Laser Treatment for Burns: A New Procedure to Help Kids Heal
Dec 03, 2019
Advances in care have increased the survival rate for patients with significant burn injuries, however the long-term problems of scar formation still exist. This is particularly important, as scarring can impair the mobility and range of motion of a growing child.
Hypertrophic scars are a result of a protein imbalance at the burn injury site. Traditional treatment for severe scarring consists of massage therapy and compression therapy to reduce the scar appearance.
Over the last several years, adult burn centers have used the Fractional CO2 laser to treat the complications of hypertrophic scars such as pain, itching (pruritus) and the inability to move the burn-injured area or areas of the body (functional limitations).
The procedure is performed in an outpatient operating room. The patients are placed under sedation by an experienced anesthesiologist and then the laser is used to create small holes in the scar to break up the tissue. An antibiotic dressing is applied after completion of the procedure and remains in place for two days. After two days, the dressing is removed and moisturizing cream is applied daily. In most cases, when combined with additional compression treatment, the scar can become more flexible and softer which improves movement of the scarred area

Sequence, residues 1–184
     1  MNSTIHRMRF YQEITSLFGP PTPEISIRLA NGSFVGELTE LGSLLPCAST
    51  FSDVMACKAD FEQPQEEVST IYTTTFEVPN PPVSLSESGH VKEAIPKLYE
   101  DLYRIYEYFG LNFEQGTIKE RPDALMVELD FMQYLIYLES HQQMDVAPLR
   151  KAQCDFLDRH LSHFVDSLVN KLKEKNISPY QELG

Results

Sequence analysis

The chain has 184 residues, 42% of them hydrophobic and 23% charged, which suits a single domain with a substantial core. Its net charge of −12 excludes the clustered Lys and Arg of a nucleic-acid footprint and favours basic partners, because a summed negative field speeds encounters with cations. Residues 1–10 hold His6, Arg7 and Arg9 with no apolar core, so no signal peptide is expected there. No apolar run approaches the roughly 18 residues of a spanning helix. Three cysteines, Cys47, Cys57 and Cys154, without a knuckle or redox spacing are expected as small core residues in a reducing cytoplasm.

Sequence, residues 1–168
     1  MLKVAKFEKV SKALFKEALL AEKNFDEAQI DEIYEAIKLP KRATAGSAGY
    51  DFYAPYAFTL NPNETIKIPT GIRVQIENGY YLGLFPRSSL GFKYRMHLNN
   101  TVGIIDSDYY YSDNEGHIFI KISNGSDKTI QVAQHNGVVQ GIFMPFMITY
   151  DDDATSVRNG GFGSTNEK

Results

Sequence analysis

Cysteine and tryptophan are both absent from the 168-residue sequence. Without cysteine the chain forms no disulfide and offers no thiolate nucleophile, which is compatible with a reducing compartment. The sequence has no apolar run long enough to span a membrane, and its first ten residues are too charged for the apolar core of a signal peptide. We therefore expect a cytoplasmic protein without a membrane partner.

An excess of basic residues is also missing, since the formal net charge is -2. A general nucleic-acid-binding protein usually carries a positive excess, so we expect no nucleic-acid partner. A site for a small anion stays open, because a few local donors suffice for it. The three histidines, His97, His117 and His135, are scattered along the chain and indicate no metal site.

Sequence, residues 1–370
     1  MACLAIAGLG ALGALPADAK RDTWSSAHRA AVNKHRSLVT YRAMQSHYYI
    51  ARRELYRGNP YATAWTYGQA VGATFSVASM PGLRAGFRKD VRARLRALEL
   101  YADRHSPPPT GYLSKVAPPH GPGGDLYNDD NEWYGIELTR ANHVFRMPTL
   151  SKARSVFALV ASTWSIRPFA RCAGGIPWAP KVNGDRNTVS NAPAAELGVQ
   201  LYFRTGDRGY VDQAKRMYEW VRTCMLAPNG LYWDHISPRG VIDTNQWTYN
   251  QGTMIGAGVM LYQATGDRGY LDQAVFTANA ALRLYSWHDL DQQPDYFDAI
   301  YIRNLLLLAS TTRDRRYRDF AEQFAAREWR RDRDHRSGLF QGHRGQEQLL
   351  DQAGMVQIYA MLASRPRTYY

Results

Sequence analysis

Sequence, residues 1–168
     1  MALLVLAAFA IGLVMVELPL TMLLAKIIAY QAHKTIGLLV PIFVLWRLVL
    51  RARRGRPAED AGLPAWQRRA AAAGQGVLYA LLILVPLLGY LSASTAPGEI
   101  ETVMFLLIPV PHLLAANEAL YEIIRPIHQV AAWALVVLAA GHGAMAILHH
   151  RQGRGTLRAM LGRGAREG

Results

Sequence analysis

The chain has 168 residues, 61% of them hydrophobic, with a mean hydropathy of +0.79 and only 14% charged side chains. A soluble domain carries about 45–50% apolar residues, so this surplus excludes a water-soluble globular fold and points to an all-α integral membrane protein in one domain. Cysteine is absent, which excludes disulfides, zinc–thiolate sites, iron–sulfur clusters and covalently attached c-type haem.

In September 2018, this new procedure was introduced to patients treated at our Burn Center. Over 30 patients have completed the treatment, which consists of at least three separate laser procedures done on separate days, each 4-8 weeks apart. Early reviews and comments from the patients and families have been very encouraging.
The Burn Center at Nationwide Children's Hospital is part of a multicenter collaborative to define best outcomes for pediatric burn patients.
This new treatment provides an additional option to traditional therapy of massage, compression and garments. The Burn Center at Nationwide Children's Hospital has also offered this treatment to patients with traumatic scars such as from ATV crashes and dog bites as well. The goal of the laser treatment program is to enhance the quality of life to those impacted by scars that limit function and mobility.
Rajan K. Thakkar, MD, is a pediatric surgeon. Dr. Thakkar is the associate trauma medical director as well as the co-director of the Burn Center. Dr. Thakkar is an assistant professor of Surgery and Pediatrics at The Ohio State University College of Medicine and is a principal investigator at the Center for Clinical and Translational Sciences Research at the Research Institute of Nationwide Children's Hospital.
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